Researchers have developed a novel device that detects the COVID-19 virus in one minute using just a couple of breaths of exhaled air. The device has the potential to revolutionize the testing process, especially in hospitals and schools and at large-scale social gatherings like concerts or sporting events.

Most people would be familiar with at-home COVID tests, so-called rapid antigen tests or RATs – the pain and sneeze-inducing irritation of swabbing the inside of your nostrils, swishing the mucus-coated swab around in a testing solution, squeezing it onto a test strip and waiting 15 or 20 minutes for a result that may or may not be accurate.

Now, researchers at Washington University in St. Louis have developed a hand-held device that tests for the COVID virus using as little as two exhaled breaths and providing an accurate result in around a minute. It’s an improvement on previously developed breath-analyzing COVID detectors that took three or five minutes to provide results.

“With this test, there are no nasal swabs and no waiting 15 minutes for results, as with home test,” said Rajan Chakrabarty, co-corresponding author of the study. “A person simply blows into a tube in the device, and an electrochemical biosensor detects whether the virus is there. Results are available in about a minute.”

The researchers repurposed a biosensor originally created to test for Alzheimer’s-disease-related amyloid beta protein in mouse brains, swapping out the antibody that tests for amyloid beta for a nanobody derived from llama antibodies that recognizes a protein in the SARS-CoV-2 virus, which causes COVID-19.

The process is simple. A 3D-printed collection device is fitted with a straw, which the user blows into. Aerosols from the user’s breath collect on the biosensor inside the device, which is plugged into a machine that determines whether the user is COVID-positive or not.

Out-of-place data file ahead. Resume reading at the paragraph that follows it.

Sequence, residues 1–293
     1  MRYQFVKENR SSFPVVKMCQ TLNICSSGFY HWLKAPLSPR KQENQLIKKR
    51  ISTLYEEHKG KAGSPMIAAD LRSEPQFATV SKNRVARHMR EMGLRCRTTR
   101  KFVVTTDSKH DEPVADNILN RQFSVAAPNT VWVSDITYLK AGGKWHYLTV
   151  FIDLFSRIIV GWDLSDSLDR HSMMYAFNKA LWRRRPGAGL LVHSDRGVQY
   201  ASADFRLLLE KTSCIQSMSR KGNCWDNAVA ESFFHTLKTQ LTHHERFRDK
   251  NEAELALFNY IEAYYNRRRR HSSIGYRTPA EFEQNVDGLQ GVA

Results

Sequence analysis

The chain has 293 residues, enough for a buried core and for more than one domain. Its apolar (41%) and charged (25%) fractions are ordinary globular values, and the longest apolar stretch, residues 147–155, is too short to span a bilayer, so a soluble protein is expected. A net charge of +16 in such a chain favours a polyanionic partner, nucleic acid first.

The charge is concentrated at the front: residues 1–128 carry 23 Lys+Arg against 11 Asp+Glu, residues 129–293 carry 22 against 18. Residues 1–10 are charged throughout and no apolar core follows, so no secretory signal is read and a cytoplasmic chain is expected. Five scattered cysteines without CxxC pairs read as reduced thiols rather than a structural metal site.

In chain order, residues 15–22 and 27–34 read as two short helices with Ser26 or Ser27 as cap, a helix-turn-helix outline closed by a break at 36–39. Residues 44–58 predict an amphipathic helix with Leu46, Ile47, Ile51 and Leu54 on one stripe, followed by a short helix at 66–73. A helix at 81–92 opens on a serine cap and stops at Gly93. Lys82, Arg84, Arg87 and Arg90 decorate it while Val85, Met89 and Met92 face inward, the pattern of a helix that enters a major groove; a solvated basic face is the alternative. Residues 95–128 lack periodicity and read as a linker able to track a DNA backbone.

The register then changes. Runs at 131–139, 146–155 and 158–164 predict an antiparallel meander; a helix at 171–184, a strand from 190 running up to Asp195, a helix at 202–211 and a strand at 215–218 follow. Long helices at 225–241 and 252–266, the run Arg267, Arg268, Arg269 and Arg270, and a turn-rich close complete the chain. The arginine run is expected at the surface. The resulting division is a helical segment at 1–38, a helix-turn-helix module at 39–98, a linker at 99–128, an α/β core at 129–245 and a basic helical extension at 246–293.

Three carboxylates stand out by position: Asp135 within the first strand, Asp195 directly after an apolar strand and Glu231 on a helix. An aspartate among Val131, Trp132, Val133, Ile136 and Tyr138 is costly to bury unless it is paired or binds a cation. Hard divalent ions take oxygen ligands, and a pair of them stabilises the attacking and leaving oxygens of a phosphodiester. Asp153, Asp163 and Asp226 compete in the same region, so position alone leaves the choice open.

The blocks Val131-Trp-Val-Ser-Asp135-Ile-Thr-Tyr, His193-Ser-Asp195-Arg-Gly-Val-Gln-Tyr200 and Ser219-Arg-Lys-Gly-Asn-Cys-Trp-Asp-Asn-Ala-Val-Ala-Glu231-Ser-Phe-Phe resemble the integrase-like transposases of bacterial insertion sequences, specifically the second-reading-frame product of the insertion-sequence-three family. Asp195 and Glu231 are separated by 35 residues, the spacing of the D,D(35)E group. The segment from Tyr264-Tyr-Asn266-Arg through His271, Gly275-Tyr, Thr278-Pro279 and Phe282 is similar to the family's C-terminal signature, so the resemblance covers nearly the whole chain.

The researchers tested the device in a lab first, using three COVID variants: WA1, Delta, and Omicron. They found that its sensitivity was comparable to other electrochemical detection techniques for SARS-Cov-2. They then tested it on eight human patients, six who were COVID-positive and two COVID-negative. After having the patients blow into the device two, four, and eight times, the researchers found that the device was accurate, gave no false negatives and that two exhaled breaths were sufficient for virus detection.

With a production cost of less than US$10 per test, the researchers say that their novel device is not only cost-effective, it’s non-invasive and its use doesn’t require trained personnel. Moreover, it can be adapted to detect a range of respiratory pathogens, including new COVID variants. Currently, the researchers are working on the simultaneous detection of multiple airborne viruses using different specific nanobodies.

This novel device has the potential to revolutionize testing, especially at large gatherings like concerts or sports games that have the risk of becoming ‘superspreader’ events. Instead of going through the lengthy process of at-home testing, this new breathalyzer could rapidly test for COVID upon entry with little to no inconvenience and a great deal of peace of mind.

“It’s a bit like a breathalyzer test that an impaired driver might be given,” said John Cirrito, another of the study’s corresponding authors. “And, for example, if people are in line to enter a hospital, a sports arena or the White House Situation Room, 15-minute nasal swab tests aren’t practical, and PCR tests take even longer. Plus, home tests are about 60% to 70% accurate, and they produce a lot of false negatives. This device will have diagnostic accuracy.”

While initial results are promising, the researchers plan to validate them by conducting a longitudinal clinical study.

The study was published in the journal ACS Sensors.

Source: Washington University in St Louis

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